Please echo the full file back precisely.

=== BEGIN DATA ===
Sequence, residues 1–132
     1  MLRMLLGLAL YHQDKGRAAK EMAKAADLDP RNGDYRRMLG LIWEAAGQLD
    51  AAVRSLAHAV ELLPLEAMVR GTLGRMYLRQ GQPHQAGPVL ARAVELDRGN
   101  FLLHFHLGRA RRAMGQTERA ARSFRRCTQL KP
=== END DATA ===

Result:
Sequence, residues 1–132
     1  MLRMLLGLAL YHQDKGRAAK EMAKAADLDP RNGDYRRMLG LIWEAAGQLD
    51  AAVRSLAHAV ELLPLEAMVR GTLGRMYLRQ GQPHQAGPVL ARAVELDRGN
   101  FLLHFHLGRA RRAMGQTERA ARSFRRCTQL KP